In 1953 a young female Japanese macaque called Imo began washing sweet potatoes before eating them, presumably to remove dirt and sand grains. Soon other monkeys had adopted this behaviour, and potato washing gradually spread throughout the troop. When, three years after her first invention, Imo devised a second novel foraging behaviour, that of separating wheat from sand by throwing mixed handfuls into water and scooping out the floating grains, she was almost instantly heralded around the world as a 'monkey (...) genius'. Imo is probably the most celebrated of animal innovators. In fact, many animals will invent new behaviour patterns, adjust established behaviours to a novel context, or respond to stresses in an appropriate and novel manner. -/- Innovation is an important component of behavioural flexibility, vital to the survival of individuals in species with generalist or opportunistic lifestyles, and potentially of critical importance to those endangered or threatened species forced to adjust to changed or impoverished environments. Innovation may also have played a central role in avian and primate brain evolution. Yet until recently animal innovation has been subject to almost complete neglect by behavioural biologists, psychologists, social learning researchers, and conservation-minded biologists. -/- This collection of stimulating and readable articles by leading scientific authorities is the first ever book on 'animal innovation', designed to put the topic of animal innovation on the map and heighten awareness of this developing field. (shrink)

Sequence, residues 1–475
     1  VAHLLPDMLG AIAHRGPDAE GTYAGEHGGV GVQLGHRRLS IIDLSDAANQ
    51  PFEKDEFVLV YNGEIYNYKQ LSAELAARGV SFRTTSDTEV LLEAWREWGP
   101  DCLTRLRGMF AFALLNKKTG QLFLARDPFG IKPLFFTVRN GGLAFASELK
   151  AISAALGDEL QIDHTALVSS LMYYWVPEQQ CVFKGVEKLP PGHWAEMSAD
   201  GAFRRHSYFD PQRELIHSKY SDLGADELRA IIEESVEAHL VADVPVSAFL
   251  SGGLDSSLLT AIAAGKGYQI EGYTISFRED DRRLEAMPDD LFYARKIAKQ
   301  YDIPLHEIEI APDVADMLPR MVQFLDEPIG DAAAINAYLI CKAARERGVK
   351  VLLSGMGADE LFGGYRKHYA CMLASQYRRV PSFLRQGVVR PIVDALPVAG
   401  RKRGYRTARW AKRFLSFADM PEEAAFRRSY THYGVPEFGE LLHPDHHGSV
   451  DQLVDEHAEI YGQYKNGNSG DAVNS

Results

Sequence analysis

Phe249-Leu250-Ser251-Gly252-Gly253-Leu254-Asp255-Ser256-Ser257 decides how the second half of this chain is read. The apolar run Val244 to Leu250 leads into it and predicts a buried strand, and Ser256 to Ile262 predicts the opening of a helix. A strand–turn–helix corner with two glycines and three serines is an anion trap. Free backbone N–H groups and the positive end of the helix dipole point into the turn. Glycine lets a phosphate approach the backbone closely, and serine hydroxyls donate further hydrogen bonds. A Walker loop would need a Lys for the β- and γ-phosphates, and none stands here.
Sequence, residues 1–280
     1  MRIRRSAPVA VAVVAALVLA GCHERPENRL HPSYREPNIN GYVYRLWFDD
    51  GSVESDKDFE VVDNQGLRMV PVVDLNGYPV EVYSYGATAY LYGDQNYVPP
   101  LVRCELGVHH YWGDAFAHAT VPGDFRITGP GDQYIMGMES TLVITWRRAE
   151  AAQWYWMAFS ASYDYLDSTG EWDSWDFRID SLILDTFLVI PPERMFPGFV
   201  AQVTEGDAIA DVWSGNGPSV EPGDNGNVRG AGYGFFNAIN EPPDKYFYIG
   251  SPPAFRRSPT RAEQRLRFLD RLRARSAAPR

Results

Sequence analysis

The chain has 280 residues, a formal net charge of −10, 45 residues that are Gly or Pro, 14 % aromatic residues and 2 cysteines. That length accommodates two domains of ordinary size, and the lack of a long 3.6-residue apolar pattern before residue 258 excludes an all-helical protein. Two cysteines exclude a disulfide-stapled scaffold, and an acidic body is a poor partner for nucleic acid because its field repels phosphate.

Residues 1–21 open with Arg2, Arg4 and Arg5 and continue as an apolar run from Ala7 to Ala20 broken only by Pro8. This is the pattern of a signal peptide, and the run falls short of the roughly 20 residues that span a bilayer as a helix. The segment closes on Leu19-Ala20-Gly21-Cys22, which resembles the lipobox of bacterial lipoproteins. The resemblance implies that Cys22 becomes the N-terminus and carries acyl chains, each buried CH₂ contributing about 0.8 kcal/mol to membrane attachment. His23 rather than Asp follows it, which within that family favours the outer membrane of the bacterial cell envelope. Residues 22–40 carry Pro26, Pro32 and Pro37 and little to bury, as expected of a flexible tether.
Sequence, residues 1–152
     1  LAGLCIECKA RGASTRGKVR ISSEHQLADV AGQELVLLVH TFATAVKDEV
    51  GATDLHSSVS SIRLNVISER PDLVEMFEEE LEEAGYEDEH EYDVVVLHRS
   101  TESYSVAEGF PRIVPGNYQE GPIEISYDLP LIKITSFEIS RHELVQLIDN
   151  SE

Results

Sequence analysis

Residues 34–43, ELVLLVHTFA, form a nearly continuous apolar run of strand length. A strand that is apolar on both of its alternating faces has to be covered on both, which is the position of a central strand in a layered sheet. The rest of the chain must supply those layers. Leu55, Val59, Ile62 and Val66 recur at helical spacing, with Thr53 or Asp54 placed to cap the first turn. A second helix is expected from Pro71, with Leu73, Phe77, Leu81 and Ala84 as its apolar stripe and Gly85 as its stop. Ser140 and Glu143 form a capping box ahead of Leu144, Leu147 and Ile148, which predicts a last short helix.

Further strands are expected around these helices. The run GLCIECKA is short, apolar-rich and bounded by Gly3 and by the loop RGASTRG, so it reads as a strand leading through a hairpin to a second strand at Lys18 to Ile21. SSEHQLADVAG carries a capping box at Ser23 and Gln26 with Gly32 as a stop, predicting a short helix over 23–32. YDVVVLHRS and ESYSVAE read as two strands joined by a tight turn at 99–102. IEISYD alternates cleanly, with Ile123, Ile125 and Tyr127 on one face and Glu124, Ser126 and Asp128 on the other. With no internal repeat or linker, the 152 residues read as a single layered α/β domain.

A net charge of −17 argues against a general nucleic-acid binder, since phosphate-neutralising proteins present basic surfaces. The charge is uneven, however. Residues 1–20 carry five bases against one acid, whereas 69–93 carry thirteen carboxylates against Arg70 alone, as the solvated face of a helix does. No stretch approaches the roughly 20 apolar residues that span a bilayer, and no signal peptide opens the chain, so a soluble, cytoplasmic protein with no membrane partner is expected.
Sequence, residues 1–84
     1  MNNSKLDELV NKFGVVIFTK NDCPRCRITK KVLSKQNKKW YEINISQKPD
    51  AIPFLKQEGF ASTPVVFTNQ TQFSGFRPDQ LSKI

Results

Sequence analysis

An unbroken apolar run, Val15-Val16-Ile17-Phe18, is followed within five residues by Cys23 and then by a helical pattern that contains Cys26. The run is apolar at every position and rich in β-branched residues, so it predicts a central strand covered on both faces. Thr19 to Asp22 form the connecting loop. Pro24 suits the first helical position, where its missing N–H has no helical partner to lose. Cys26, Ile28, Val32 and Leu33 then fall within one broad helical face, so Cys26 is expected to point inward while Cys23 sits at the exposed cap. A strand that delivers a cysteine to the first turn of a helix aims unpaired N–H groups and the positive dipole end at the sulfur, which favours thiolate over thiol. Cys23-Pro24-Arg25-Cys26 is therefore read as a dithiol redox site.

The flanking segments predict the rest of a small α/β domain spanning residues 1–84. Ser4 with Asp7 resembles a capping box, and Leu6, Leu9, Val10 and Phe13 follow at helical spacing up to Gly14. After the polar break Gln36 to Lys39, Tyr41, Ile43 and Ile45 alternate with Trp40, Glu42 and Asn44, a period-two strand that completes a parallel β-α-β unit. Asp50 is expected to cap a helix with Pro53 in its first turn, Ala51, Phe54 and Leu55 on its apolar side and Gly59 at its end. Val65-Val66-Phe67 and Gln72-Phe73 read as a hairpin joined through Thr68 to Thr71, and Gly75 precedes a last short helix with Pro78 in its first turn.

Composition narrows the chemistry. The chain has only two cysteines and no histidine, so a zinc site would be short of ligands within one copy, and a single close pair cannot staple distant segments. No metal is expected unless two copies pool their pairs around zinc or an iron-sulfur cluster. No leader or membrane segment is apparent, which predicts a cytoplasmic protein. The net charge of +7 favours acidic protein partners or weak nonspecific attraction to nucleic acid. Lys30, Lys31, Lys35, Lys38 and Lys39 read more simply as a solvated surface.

We propose a conceptual model that maps the causal pathways relating biological evolution to cultural change. It builds on conventional evolutionary theory by placing emphasis on the capacity of organisms to modify sources of natural selection in their environment (niche construction) and by broadening the evolutionary dynamic to incorporate ontogenetic and cultural processes. In this model, phenotypes have a much more active role in evolution than generally conceived. This sheds light on hominid evolution, on the evolution of culture, and on (...) altruism and cooperation. Culture amplifies the capacity of human beings to modify sources of natural selection in their environments to the point where that capacity raises some new questions about the processes of human adaptation. Key Words: adaptation; altruism; cooperation; evolutionary psychology; gene-culture coevolution; human evolution; human genetics; niche construction; sociobiology. (shrink)
Our response contains a definition of niche construction, illustrations of how it changes the evolutionary process, and clarifications of our conceptual model. We argue that the introduction of niche construction into evolutionary thinking earns its keep; we illustrate this argument in our discussion of rates of genetic and cultural evolution, memes and phenogenotypes, creativity, the EEA (environment of evolutionary adaptedness), and group selection.